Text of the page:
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Baidu shares surge as Google threatens to quit China

by Staff Writers
Shanghai (AFP) Jan 13, 2010
Shares in China's top search engine Baidu surged in after-hours trading Wednesday after Google vowed to defy China's Internet censors and threatened to pull out of the country.

The Nasdaq-listed Baidu surged to 413.52 dollars per share in after-hours trade at 0100 GMT, up 6.99 percent from Tuesday's market close of 386.49 dollars in New York.

The Chinese company declined to comment on Google's announcement when contacted by AFP Wednesday.

Google said it would no longer follow censors' directives to filter search results in China after cyber spies based there allegedly struck the Internet giant and other firms in a bid to hack into the email accounts of activists around the world.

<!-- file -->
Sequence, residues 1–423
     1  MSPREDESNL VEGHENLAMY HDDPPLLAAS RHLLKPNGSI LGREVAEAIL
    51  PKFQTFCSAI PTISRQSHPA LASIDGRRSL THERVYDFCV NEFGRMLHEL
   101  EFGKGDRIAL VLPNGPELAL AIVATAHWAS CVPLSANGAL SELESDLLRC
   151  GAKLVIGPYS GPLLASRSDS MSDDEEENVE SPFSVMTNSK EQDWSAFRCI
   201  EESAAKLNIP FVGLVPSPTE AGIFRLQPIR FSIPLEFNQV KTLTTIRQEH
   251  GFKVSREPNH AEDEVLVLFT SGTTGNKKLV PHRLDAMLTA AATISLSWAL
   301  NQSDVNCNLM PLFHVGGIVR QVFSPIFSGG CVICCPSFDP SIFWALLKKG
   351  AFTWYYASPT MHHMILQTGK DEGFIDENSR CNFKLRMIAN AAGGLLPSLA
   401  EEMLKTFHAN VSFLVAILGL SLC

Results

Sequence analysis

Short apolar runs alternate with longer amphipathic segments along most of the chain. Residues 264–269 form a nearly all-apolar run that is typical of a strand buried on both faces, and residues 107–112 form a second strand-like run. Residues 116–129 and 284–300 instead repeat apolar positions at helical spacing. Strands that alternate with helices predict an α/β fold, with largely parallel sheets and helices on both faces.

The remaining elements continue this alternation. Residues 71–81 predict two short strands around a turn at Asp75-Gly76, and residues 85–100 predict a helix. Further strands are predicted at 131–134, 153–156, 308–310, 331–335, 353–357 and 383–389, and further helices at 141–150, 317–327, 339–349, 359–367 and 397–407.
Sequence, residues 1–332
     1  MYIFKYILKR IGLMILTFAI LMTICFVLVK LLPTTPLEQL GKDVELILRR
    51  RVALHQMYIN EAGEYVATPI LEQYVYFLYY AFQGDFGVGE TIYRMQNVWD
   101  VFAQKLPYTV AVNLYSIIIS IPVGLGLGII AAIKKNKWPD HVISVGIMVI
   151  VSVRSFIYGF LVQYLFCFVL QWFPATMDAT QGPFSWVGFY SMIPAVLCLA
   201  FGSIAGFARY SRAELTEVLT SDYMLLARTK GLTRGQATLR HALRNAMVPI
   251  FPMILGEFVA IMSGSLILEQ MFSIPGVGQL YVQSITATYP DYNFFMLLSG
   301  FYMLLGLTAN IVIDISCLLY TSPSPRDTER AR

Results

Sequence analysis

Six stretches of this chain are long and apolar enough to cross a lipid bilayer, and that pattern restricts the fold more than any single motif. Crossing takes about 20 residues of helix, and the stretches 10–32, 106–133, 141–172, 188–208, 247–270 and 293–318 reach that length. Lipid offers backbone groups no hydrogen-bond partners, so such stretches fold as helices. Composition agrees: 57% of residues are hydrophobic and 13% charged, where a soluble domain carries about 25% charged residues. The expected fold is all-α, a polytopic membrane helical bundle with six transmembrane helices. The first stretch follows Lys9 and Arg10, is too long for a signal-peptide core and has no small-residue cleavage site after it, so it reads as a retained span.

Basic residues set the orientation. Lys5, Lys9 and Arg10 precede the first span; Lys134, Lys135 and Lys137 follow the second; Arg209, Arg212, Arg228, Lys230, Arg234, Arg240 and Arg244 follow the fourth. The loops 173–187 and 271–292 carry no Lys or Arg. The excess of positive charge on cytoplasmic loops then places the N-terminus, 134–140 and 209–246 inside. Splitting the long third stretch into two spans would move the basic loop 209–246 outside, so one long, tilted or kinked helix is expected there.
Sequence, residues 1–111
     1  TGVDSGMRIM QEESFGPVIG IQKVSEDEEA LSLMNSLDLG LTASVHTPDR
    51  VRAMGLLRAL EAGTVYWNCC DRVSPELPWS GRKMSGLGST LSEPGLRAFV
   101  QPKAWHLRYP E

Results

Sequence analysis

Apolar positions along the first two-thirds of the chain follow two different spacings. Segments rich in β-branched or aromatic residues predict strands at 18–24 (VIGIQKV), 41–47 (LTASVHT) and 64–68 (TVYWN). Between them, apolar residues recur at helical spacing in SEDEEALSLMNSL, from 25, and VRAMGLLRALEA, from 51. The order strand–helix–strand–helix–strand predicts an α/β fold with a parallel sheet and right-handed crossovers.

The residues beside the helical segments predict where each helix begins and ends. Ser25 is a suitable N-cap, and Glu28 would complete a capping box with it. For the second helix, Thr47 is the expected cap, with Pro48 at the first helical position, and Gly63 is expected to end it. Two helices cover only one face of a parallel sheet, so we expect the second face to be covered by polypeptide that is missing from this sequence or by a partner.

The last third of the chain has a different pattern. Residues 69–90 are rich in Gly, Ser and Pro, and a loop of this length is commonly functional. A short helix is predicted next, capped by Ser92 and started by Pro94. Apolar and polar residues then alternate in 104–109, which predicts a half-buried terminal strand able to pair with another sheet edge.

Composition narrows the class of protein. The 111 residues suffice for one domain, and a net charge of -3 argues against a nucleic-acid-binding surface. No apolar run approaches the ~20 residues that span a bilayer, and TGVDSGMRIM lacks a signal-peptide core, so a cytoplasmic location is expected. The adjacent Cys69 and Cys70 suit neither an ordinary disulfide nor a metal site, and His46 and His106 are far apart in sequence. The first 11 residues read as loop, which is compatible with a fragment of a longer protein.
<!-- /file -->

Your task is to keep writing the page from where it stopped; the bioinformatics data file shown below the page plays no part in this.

The alleged online espionage has led Google to reconsider its business operations in China, the company's chief legal officer David Drummond said in a blog post.

In China, Baidu is the nation's biggest search engine with a 63.9 percent market share as of end-September, ahead of Google China at 31.3 percent, according to figures provided by Internet research firm Analysys International.

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Top US business group slams China's tech transfer limit
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China's new international trade curb on technology transfer could spark an "ugly" reaction around the world, the head of the biggest US business organization said Tuesday. Tom Donohue, president and chief executive of the US Chamber of Commerce, vowed to step up opposition to the Chinese government procurement rule that high-tech products must contain Chinese intellectual property. The ... read more

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